Florence Swift, ED Recovery + Mental Health Awareness Champion

17 December 2018

For many, Christmas is a time for over-indulging in mountains of food, but for some this time is their idea of hell, when food is nothing but an enemy. Between 600,000 and 725,000 people in the UK are affected by eating disorders, such as anorexia nervosa and bulimia nervosa which are considered to be serious mental health problems. Some people attribute eating disorders to media and the increased importance that is placed on ‘needing’ to have a certain body shape or type. Although some see Instagram as a facilitator, one inspirational lady has turned this into a platform to assist her recovery of this terrible illness and by sharing her thoughts, worries, and musings with her adoring followers she is not only aiding her own recovery but helping thousands of people who are also suffering. 
Florence Swift, aka, Swift_Eats is one of Instagram's true gems, with it being so easy to get swept up in a sea of 'body goals' and 'unhealthy detoxes' she is championing being happy, healthy and confident in who you are. 

I caught up with her to hear her story..


At what point did you realise you had an eating disorder and how did you address it at the time?

I realised quite soon into my disorder that I had a problem, I studied Psychology at University so I knew the diagnostic criteria for anorexia but kind of thought I had everything under control and that it didn’t apply to me, so I was totally in denial. Luckily I was already seeing my therapist at the time and we would talk about my anxieties around food and food behaviours. I remember one session she referred to me as having anorexia and I felt so shocked because no one has used those words before and I couldn’t really believed that I’d unknowingly slipped into and full blown eating disorder when it had just started as a diet.
In terms of addressing it, I learnt that my food behaviours were a manifestation of my depression, anxiety and past traumas, so I really did the work to unravel the deeper issue. My ed was a coping mechanism so once I understood what I was using it to cope with I was more easily able to let go of it.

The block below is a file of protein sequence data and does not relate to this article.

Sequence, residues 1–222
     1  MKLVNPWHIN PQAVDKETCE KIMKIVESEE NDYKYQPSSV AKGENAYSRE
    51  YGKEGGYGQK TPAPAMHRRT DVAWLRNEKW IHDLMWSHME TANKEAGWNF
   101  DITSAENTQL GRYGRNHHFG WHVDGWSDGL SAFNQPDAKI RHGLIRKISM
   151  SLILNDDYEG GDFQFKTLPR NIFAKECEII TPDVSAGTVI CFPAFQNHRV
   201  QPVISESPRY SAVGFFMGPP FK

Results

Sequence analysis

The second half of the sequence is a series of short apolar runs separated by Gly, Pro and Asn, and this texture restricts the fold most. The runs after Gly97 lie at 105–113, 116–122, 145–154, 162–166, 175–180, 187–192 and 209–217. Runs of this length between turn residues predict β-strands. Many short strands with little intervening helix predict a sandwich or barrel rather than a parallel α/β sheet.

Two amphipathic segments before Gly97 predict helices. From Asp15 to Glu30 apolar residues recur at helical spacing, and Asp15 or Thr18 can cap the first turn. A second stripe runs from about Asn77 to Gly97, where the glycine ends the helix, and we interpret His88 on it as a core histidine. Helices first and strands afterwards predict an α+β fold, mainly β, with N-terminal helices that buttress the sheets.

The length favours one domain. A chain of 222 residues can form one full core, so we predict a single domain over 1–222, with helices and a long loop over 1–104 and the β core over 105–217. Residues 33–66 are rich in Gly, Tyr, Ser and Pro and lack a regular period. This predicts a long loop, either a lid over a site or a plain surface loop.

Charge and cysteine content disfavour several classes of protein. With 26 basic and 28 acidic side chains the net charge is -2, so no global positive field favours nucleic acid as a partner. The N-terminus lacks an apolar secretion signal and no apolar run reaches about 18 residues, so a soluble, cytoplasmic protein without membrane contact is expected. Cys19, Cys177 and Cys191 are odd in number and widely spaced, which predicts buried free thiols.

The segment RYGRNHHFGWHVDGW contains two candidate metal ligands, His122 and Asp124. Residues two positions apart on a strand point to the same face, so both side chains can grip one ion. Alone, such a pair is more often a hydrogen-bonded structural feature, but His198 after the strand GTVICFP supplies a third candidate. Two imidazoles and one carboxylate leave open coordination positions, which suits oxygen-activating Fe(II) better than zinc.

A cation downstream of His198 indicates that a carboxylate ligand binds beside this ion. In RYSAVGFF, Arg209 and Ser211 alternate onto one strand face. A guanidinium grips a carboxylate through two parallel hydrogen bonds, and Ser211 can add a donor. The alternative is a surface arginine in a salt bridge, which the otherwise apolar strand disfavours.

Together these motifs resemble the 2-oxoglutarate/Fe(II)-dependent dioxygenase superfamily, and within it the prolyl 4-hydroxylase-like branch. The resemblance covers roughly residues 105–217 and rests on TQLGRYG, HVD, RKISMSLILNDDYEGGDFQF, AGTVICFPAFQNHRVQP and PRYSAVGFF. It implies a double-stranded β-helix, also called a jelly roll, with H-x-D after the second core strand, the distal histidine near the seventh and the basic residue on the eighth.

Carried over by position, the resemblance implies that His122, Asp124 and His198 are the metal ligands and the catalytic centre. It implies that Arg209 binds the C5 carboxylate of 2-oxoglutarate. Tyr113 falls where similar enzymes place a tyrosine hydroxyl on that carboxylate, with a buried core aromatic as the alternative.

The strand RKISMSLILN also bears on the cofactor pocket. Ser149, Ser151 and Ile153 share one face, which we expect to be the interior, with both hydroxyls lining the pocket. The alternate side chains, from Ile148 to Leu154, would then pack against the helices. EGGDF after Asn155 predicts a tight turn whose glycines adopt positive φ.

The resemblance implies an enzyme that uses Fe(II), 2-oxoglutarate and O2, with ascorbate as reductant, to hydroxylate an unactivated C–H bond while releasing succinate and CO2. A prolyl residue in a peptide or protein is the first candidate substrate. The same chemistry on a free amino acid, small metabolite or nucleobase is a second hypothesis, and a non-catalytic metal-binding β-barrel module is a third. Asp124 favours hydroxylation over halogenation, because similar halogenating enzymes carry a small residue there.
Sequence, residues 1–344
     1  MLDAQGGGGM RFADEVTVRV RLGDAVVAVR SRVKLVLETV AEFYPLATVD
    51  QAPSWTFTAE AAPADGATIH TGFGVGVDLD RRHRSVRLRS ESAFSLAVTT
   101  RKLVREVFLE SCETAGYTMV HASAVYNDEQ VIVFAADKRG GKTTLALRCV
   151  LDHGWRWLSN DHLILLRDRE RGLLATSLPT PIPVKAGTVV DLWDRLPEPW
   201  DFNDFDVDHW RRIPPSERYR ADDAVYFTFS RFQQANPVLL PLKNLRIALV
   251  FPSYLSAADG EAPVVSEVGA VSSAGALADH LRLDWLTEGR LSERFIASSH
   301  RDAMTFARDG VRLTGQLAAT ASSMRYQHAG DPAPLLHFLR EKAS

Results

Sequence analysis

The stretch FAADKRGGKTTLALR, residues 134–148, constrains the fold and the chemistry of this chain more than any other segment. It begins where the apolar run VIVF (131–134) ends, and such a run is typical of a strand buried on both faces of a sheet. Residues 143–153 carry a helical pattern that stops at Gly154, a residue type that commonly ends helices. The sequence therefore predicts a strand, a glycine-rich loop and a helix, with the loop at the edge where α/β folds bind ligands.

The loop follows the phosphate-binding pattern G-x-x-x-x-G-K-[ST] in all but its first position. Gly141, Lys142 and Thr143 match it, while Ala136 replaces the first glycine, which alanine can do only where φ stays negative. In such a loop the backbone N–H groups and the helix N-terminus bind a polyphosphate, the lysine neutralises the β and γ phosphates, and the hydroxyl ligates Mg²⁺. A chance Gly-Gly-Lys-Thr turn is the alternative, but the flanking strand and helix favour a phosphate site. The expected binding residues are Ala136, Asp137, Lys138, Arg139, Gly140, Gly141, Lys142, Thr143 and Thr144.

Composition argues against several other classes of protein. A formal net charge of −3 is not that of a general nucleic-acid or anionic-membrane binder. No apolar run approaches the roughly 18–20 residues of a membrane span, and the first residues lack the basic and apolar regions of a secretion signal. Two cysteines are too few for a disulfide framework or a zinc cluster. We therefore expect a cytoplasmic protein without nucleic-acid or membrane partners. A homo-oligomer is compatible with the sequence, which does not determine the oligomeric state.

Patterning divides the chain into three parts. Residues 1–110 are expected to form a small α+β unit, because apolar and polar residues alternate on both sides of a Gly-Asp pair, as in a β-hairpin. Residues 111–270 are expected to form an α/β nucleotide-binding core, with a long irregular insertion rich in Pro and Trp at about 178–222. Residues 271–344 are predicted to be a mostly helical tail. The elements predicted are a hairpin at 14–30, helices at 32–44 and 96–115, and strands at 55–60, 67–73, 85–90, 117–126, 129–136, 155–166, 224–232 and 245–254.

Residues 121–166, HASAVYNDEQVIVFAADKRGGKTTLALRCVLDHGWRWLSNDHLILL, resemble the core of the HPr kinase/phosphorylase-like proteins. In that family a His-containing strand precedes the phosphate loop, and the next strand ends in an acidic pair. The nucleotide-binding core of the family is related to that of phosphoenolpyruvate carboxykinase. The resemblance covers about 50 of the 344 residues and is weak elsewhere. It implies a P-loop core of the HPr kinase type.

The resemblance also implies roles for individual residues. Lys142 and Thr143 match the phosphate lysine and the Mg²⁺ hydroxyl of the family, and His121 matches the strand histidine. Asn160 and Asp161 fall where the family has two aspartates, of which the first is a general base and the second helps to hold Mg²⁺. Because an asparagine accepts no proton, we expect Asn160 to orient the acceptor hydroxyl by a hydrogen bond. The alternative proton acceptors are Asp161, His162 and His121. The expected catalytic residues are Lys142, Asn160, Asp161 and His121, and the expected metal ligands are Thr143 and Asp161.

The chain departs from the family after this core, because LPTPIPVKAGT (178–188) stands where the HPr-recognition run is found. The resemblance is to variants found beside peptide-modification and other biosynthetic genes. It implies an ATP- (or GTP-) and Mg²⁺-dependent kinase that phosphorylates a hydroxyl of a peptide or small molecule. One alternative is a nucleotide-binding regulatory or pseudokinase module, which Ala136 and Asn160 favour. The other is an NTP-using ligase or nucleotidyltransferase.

When did you decide to lay yourself bare on social media to help others? How has it helped you?

There wasn’t really a moment where I was like ok I’m gonna start being honest about what I’m experiencing. It kind of just happened. I think the first post where I was really honest about what I’d been experiencing was about 18 months ago. At first I just alluded to the fact that I’d experienced mental health problems. Mental health is such a taboo and I initially felt ashamed talking about my experiences, I didn’t want to put people off and now I don’t give a shit! I’m always talking about mental health, periods, whatever, I don’t care.
It’s helped me come into myself so much. It’s been so empowering. In the past I used to instagram to make it look like I had a perfect life, and it felt so fake, so it’s amazing to be able to be honest and be so accepted for that. My audience are the most supportive, amazing people. They’ve helped me grow and learn so much about myself. I’m so grateful for the space the give me to share and create.


What advice would you give to your younger self and what advice would you say to ignore?

Ah jeez. I don’t even know where to begin! There’s so much stuff I wish I’d know, but I’d probably say:
1. Trust your gut above all else
2. You are your number one priority
3. If you don’t respect yourself, no one else will either
4. How you look is the least important thing about you

In terms of ignoring - basically just ignore what everyone else is doing and telling you to do!
I think I knew a lot of this already, but I kind of needed to experience everything before I truly believed it. I had to go through a lot of shitty relationships, listen to a lot of shitty advice first. I guess it’s all just a part of growing up.


In the last 5 years what behaviour, habit or belief has improved your life?

This is so hard because I could honestly list about 20 things but, really, really, going to therapy is the best choice I’ve ever made. It’s changed and honestly saved my life. I’ve been paying to go to therapy for 4 years, which financially is kind of rough, but I’d rather invest in my mental health than buy clothes or go out drinking so for me it’s a no brainer.


What five things can you not live without?

1. Some kind of mindfulness practice - yoga, journalling, mediation
2. Sourdough
3. Moisuriser
4. My support network
5. Chocolate

Follow florence here

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